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First Commercial Electric Plane Flight Opens New Era in Aviation
A Canadian seaplane operator on Tuesday successfully test flew the world's first all-electric commercial aircraft, in a three-minute flight it said had launched a new era of aviation.
Vancouver-based Harbour Air, which claims to be North America's largest seaplane airline, and Seattle-based all-electric propulsionmaker magniX, tested a 63-year-old DHC-2 de Havilland Beaver retrofitted with a 750-horsepower electric motor on the Fraser River near Richmond, British Columbia.
The yellow e-plane was piloted by Harbour Air CEO and founder Greg McDougall.
"Today, we made history," McDougall said in a statement.
Here's a look at the Harbour Air eplane test flight this morning. The age of electric aviation is right around the corner. pic.twitter.com/HzFekRhAXR— Karin Larsen (@CBCLarsen) December 10, 2019
"In December 1903, the Wright Brothers launched a new era of transportation — the aviation age — with the first flight of a powered aircraft. Today, 116 years later, with the first flight of an all-electric powered commercial aircraft, we launched the electric era of aviation," said Roei Ganzarski, CEO of magniX.
Global aviation is a major source of climate change causing greenhouse gas emissions.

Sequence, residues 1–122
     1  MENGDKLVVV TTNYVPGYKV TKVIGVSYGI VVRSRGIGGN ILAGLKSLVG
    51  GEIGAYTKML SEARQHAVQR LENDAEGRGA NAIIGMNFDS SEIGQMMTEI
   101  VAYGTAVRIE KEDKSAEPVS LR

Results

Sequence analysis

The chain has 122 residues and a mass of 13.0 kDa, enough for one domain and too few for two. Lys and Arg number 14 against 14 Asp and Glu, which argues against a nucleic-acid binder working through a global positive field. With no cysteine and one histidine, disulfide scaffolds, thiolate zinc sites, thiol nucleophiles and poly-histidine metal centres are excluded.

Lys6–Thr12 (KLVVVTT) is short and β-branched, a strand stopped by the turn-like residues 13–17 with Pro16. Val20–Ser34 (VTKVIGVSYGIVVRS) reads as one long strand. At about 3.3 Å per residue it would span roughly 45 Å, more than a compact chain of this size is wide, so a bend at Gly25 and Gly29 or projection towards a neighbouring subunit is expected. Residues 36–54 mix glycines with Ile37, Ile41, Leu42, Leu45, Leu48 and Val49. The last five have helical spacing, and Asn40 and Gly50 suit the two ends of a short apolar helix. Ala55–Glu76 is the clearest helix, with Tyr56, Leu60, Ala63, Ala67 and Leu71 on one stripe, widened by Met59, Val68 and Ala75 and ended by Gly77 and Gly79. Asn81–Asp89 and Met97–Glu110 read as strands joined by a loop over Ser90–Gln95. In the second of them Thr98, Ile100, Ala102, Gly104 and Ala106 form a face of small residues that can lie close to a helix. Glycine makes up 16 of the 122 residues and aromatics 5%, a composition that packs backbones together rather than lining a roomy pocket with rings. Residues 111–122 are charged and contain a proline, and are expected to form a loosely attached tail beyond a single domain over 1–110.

Ganzarski said that in addition to zero emissions, e-planes are low-cost and will allow savings on fuel.
Harbour Air plans to electrify its entire fleet of more than 40 aircraft.
But first, the e-plane has to begin a two-year certification and approval process for the propulsion system and the retrofitting of aircraft, the companies said in a statement.
One limitation is that an aircraft like that one flown Tuesday can only fly 100 miles (160 kilometers) on lithium battery power, said Ganzarski.
However, that range is sufficient for most short-haul flights run by Harbour Air.
Several other companies are also working on electric planes, including Boeing and Airbus.
Reposted with permission from DW.
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One hundred seconds to midnight. That's how close humanity is to the apocalypse, and it's as close as the world has ever been, according to Wednesday's annual announcement from the Bulletin of the Atomic Scientists, a group that has been running its "Doomsday Clock" since the early years of the nuclear age in 1947.